Mustafa Hyder Sayed, executive director of the Pakistan-China Institute, said the implications of great power competition, whether intentional or not, affect us all. Growing uncertainty on the world stage has had an impact on Pakistan’s middle class. He said we must learn to balance our relationship and redefine economic and food security as the most important factors.
According to him, CPEC cooperation has become a feature of the Belt and Road Initiative. During the COVID-19 outbreak, it proved to be a tenacious initiative. He explained that the economic alliance between Pakistan and China is “just the icing on the cake” of their “unique connection”, which includes cultural and educational exchanges, with 20,000 Pakistani students studying in China.
Suos Yara, chairman of the Foreign Affairs, International Cooperation, Media and Information Committee of the National Assembly of Cambodia, said that the foundations of the economies have been shaken by so much uncertainty on the world stage. . Small countries, like Cambodia, face many obstacles in achieving economic prosperity. Cambodia, he pointed out, is not interested in choosing sides since it considers itself the friend of all and the enemy of no one. He said the new world order must be inclusive, sustainable and resilient. The BRI, he said, is a platform for collaboration as it offers many opportunities, such as infrastructure upgrades and respite for the economies of partner countries.
Professor Wang Wen, executive dean of the Chongyang Institute of Financial Studies at Renmin University of China, said the United States was replicating the crisis in Ukraine to ignite conflict in Taiwan. US attacks on China’s core interests, he said, will not prevent China from achieving its ultimate goal of economic prosperity not only in China but across the region. He denounced the United States’ active pursuit of a Cold War mentality and argued for collaboration rather than confrontation.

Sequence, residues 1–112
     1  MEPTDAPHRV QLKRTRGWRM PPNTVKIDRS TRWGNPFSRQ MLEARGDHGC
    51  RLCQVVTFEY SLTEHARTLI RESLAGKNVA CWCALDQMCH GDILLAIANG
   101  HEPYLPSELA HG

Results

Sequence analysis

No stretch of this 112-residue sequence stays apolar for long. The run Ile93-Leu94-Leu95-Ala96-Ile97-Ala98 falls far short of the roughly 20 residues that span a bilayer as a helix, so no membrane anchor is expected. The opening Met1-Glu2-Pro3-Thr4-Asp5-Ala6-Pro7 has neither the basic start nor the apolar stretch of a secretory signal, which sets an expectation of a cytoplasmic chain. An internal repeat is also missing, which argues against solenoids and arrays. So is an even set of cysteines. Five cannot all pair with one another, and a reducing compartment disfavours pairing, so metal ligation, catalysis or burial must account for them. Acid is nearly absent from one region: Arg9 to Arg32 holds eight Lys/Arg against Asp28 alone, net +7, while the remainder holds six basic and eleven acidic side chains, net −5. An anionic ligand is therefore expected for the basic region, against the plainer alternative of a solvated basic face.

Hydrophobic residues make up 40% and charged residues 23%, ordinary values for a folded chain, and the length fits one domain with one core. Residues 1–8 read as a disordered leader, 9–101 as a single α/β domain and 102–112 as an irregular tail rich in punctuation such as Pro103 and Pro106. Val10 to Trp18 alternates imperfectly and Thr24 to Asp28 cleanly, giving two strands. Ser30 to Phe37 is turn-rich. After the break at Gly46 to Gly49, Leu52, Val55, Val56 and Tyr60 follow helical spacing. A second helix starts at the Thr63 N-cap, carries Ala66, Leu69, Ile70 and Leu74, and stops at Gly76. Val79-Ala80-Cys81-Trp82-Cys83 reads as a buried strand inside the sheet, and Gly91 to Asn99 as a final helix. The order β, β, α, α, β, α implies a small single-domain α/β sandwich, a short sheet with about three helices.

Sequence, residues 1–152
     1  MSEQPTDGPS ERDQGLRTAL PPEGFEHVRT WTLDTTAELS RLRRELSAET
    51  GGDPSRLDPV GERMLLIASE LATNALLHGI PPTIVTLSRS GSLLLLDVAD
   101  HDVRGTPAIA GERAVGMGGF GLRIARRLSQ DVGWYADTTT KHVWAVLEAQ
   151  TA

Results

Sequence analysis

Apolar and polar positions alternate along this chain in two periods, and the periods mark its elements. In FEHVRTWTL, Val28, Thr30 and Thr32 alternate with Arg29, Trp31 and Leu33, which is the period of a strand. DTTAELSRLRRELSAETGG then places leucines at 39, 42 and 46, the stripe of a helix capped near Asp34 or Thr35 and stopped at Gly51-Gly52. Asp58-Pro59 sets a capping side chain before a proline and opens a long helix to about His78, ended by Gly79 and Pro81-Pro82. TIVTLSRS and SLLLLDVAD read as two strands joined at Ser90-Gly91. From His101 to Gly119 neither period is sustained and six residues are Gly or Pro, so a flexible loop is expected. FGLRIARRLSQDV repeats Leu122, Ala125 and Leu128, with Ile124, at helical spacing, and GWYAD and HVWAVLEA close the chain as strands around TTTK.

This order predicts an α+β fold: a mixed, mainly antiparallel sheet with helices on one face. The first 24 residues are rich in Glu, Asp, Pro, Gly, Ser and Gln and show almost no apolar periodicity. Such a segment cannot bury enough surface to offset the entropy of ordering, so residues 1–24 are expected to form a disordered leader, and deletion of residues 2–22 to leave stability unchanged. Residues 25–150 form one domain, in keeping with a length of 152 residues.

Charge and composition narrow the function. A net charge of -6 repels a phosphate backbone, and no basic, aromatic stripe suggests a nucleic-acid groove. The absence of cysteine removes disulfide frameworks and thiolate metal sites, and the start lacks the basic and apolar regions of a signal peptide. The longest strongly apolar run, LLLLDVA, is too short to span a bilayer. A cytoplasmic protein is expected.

He said China will not be afraid of US provocations, such as trade wars, NATO internationalization, the Five Eyes or the QUAD, and will actively respond to any encroachment on its national sovereignty. Furthermore, he said that China will become the world’s largest consumer market by 2023. This provides opportunities for increased economic growth in developing countries.
Mr. Keith Bennett, co-editor of Friends of Socialist China, said that with the fall of the Berlin Wall more than 31 years ago, Westerners expressed hope that modern democratic values would triumph in the South, which would translate into economic success for the region, but that did not happen. Russia was treated as a humiliated and defeated country, and NATO’s wishes for containment were not fulfilled. In such an environment, he said, China’s transformation has been incredible and the country is poised to take center stage in world politics, a dream dreamed up by President Xi Jinping. He also commended Pakistan-China collaboration on CPEC and called on other BRI countries to follow suit.